To set the stage, ensure everyone is aware of the purpose behind each strategic goal. This calls back to Henderson’s point that employees’ alignment on purpose can set your organization up to outperform its competitors.

Calculate Anticipated ROI

Next, calculate the estimated return on investment (ROI) of the operational goals tied to each strategic objective. For example, if the strategic goal is “reach carbon-neutral status by 2030,” you need to break that down into actionable sub-tasks—such as “determine how much CO2 our company produces each year” and “craft a marketing and public relations strategy”—and calculate the expected cost and return for each.

The ROI formula is typically written as:


ROI = (Net Profit / Cost of Investment) x 100

In project management, the formula uses slightly different terms:


ROI = [(Financial Value - Project Cost) / Project Cost] x 100


An estimate can be a valuable piece of information when deciding which goals to pursue. Although not all strategic goals need to yield a high return on investment, it’s in your best interest to calculate each objective's anticipated ROI so you can compare them.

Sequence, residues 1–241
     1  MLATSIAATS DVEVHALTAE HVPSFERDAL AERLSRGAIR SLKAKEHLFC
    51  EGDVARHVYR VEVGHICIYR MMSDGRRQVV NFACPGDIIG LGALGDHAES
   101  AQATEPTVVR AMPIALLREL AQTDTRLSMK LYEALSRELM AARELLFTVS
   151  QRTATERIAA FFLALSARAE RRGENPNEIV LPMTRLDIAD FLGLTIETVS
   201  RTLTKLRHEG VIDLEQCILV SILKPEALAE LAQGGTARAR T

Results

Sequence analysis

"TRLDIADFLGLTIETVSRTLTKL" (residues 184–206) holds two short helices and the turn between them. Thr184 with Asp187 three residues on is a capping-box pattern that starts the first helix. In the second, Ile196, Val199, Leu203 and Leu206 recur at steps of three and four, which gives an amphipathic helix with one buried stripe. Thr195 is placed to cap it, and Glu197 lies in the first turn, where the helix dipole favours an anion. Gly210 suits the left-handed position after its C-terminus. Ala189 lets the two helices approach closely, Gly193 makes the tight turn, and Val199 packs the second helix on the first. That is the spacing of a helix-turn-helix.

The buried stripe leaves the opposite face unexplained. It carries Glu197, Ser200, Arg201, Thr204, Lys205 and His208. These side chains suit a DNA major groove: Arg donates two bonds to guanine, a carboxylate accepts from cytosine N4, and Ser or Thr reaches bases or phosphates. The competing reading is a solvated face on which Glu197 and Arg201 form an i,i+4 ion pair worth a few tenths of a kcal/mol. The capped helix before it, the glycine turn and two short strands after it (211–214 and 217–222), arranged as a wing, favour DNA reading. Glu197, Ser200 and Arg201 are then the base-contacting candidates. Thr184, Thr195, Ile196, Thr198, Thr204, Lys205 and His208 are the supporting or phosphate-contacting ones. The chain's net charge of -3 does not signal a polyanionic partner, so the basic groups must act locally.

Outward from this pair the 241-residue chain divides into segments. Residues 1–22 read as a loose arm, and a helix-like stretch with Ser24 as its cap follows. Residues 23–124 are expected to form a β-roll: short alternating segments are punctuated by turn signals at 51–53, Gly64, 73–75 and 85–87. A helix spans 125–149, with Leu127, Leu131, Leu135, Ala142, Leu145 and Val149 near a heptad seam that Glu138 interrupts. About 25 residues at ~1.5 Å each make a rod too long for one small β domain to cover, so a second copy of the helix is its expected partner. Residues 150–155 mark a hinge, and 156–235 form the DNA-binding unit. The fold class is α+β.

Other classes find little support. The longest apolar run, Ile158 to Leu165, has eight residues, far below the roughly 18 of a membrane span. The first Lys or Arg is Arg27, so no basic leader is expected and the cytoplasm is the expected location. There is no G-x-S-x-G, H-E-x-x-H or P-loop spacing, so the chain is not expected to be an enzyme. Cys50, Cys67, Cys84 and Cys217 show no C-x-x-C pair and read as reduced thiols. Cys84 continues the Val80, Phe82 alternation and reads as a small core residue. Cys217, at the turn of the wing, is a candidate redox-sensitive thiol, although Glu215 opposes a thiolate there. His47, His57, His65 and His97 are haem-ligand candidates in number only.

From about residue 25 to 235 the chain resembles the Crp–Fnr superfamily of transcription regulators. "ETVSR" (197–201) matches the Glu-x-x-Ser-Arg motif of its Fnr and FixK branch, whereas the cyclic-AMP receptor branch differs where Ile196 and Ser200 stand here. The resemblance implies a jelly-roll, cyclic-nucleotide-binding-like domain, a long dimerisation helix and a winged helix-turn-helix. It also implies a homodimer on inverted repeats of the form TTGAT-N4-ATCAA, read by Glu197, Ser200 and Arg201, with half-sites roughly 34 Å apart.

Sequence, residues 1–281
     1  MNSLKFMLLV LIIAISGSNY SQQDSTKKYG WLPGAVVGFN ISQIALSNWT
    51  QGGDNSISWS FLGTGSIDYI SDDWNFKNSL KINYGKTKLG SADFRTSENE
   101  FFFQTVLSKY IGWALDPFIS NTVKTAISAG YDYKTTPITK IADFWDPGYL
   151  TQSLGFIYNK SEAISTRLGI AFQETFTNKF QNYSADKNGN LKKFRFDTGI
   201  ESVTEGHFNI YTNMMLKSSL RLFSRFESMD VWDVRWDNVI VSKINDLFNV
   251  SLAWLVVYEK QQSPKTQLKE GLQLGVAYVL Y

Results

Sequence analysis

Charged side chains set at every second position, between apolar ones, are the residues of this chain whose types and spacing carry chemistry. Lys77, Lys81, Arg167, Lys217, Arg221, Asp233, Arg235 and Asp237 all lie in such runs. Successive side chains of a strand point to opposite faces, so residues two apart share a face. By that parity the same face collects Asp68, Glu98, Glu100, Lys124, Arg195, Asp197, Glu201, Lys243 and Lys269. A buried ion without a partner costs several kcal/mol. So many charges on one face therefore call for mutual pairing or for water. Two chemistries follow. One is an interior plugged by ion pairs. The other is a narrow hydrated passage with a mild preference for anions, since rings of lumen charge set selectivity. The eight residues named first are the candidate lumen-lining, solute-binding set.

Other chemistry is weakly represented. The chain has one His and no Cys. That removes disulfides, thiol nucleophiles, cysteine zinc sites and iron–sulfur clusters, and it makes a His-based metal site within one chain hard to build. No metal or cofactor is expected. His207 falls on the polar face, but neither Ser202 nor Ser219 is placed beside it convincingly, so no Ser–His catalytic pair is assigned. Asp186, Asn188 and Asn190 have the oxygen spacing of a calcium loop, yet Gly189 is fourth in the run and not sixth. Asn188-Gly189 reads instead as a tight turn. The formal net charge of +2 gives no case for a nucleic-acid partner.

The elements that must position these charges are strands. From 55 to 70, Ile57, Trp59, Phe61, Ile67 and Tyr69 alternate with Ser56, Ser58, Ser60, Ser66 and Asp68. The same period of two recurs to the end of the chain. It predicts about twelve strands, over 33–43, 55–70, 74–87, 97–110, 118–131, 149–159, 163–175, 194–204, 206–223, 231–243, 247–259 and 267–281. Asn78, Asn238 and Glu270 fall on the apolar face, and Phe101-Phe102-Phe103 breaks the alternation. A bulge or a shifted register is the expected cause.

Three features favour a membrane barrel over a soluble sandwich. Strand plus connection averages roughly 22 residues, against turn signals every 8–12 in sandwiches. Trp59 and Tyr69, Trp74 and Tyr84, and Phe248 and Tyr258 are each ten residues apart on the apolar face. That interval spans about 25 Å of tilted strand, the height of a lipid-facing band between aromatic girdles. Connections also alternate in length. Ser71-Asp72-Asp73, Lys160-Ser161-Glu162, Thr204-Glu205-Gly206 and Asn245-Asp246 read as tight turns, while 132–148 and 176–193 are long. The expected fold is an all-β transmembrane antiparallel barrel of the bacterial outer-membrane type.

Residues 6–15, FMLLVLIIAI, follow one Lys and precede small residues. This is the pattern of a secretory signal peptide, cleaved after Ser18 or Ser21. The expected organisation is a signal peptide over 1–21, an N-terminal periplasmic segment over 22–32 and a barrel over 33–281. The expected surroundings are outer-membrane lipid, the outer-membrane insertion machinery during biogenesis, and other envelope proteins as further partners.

Consider Current Events

Finally, when deciding which strategic goal to prioritize, the importance of the present moment can’t be overlooked. What’s happening in the world that could impact the timeliness of each goal?

For example, the coronavirus (COVID-19) pandemic and the ever-intensifying climate change crisis have impacted many organizations’ strategic goals in 2020. Often, the goals that are timely and pressing are those that earn priority.

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Crafting Goals for the Future

As you set and prioritize strategic goals, remember that your strategy should always be evolving. As circumstances and challenges shift, so must your organizational strategy.

If you lead with purpose, a measurable and actionable vision, and an awareness of current events, you can set strategic goals worth striving for.

Do you want to learn more about strategic planning? Explore our online strategy courses: Disruptive Strategy, Economics for Managers, Global Business, and Sustainable Business Strategy.

Catherine Cote

About the Author

Catherine Cote is a marketing coordinator at Harvard Business School Online. Prior to joining HBS Online, she worked at an early-stage SaaS startup where she found her passion for writing content, and at a digital consulting agency, where she specialized in SEO. Catherine holds a B.A. from Holy Cross, where she studied psychology, education, and Mandarin Chinese. When not at work, you can find her hiking, performing or watching theatre, or hunting for the best burger in Boston.